Fact Check

'The Whole Nine Yards' Etymology

The etymology of the phrase 'the whole nine yards.'

Published May 1, 2012


Claim:   The phrase "the whole nine yards" began as a reference to the contents a cement mixer.


Origins:   While the meaning of "the whole nine yards" is relatively well understood, how the saying came into the English language remains a mystery. That little phrase is casually tossed into conversations when the need arises to express that every conceivable (and quite possibly inconceivable) length has been gone to in pursuit of a specific aim. "The whole nine yards" speaks to the completeness of the effort, that nothing was missed or skipped over. But what "nine yards" are being referred to, and why must the "whole" of them be accomplished?

This linguistic flourish has so far been dated to the 1960s. While often the earliest recorded sightings of a puzzling phrase or saying provide clues as to its origin, that is not the case here:

[Robert E. Wegner, "Man on the Thresh-Hold," Michigan's Voices: A Literary Quarterly Magazine, Fall 1962]

Then the dog would catch on and go ki-yi-yi-ing from one to the other of the shouting pyjama clad participants mad, mad, mad, the consequence of house, home, kids, respectability, status as a college professor and the whole nine yards, as a brush salesman who came by the house was fond of saying, the whole damn nine yards.

[Car Life, December 1962]

Your staff of testers cannot fairly and equitably appraise the Chevrolet Impala sedan, with all nine yards of goodies, against the Plymouth Savoy which has straight shift and none of the mechanical conveniences which are quite common now.

[Tucson Daily Citizen, 25 April 1964]

"'Give 'em the whole nine yards' means an item-by-item report on any project."

"The whole nine yards" originated as a uniquely American turn of phrase while remaining relatively unknown in Great Britain. That fact serves to dismiss one of three most popular theories of its origin, which has to do with the amount of cloth needed to fashion a Scottish kilt. Even if kilts required nine yards of fabric, neither kilt makers nor kilt wearers were routinely displaying satisfaction about their sartorial splendor by announcing to all and sundry that the whole nine yards had gone into their apparel's manufacture.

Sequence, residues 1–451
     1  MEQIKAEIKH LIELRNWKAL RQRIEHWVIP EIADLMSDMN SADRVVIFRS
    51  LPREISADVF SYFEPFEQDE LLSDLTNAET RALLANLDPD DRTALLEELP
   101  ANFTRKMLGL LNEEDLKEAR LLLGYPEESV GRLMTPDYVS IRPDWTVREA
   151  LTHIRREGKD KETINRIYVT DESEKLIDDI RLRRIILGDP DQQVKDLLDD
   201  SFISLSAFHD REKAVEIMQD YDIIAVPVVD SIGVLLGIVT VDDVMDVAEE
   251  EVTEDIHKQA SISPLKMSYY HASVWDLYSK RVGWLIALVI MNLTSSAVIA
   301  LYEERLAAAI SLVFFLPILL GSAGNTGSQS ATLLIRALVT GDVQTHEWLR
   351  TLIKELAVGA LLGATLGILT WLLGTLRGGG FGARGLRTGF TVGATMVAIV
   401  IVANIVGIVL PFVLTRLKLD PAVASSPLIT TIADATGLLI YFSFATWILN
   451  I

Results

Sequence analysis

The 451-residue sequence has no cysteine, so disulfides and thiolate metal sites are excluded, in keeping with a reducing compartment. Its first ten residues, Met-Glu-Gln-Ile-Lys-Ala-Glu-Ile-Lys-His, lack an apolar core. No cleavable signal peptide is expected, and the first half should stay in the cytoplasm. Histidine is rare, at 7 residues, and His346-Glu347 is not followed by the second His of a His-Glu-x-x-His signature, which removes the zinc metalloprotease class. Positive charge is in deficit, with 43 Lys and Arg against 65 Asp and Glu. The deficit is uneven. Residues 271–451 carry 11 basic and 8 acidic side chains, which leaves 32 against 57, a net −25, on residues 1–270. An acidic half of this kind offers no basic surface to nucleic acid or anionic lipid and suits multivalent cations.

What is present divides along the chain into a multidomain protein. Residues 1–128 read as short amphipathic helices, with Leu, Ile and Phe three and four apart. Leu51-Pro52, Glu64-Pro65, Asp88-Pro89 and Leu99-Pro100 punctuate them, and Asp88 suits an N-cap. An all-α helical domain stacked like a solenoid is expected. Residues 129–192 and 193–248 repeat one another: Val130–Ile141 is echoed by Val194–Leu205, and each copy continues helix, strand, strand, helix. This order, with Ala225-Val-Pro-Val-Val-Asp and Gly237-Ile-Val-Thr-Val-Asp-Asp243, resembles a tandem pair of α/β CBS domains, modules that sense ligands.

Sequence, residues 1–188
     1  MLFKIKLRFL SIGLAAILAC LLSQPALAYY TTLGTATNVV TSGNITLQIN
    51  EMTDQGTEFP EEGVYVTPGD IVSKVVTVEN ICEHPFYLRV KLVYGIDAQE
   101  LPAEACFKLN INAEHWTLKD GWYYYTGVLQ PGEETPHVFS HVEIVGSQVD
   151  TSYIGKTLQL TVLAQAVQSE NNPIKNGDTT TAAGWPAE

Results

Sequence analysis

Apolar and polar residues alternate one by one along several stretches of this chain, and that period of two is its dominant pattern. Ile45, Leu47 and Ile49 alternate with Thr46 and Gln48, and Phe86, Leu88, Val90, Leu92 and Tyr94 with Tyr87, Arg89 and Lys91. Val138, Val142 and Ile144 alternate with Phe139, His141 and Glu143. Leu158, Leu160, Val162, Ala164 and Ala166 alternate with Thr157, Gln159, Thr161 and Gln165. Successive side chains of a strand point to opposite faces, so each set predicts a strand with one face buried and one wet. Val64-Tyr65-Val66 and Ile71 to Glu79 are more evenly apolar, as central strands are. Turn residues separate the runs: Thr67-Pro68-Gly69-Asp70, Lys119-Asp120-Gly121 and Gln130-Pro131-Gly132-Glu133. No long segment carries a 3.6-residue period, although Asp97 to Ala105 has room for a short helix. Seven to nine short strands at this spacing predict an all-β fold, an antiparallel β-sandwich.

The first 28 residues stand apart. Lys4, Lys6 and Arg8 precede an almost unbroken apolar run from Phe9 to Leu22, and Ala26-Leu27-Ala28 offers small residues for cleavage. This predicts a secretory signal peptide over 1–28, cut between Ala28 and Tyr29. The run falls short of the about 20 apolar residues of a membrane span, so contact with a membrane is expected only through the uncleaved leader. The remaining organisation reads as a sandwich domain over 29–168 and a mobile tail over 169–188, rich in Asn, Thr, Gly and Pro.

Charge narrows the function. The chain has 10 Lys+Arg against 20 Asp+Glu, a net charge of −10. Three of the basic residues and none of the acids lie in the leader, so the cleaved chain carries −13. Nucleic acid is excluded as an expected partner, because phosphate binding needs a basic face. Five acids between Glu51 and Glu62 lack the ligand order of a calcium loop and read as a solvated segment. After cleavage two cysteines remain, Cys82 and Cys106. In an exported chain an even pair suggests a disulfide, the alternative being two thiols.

Another popular theory posits the contents of a standard-size cement mixer as the phrase's origin. Concrete is vended by the cubic yard

(one cubic yard equals 27 cubic feet), thus if a typical cement truck of the 1950s contained nine yards of this building material,
it could fairly be said that a person who took delivery of a full truckload got "the whole nine yards." However, cement trucks of that era didn't carry that much product, as this cite from the August 1964 issue of Ready Mixed Concrete Magazine demonstrates: "Whereas, just a few years ago, the 4.5 cubic yard mixer was definitely the standard of the industry, the average nationwide mixer size by 1962 had increased to 6.24 cubic yards, with still no end in sight to the demand for increased payload."

The third of the three most widely circulated explanations of the term's origin attributes its "nine yards" aspect to the length of machine gun ammunition belts used in World War II:

[Reader's Digest, June 2007]

Q: What's the origin of "the whole nine yards"?

One of the most common sources for this expression is military. During World War II, U.S. fighter planes in the South Pacific were often equipped with machine gun ammunition belts. These belts, when stretched out on the ground, measure approximately 27 feet. If a pilot fired all his ammo at a target, he was said to have given "the whole nine yards."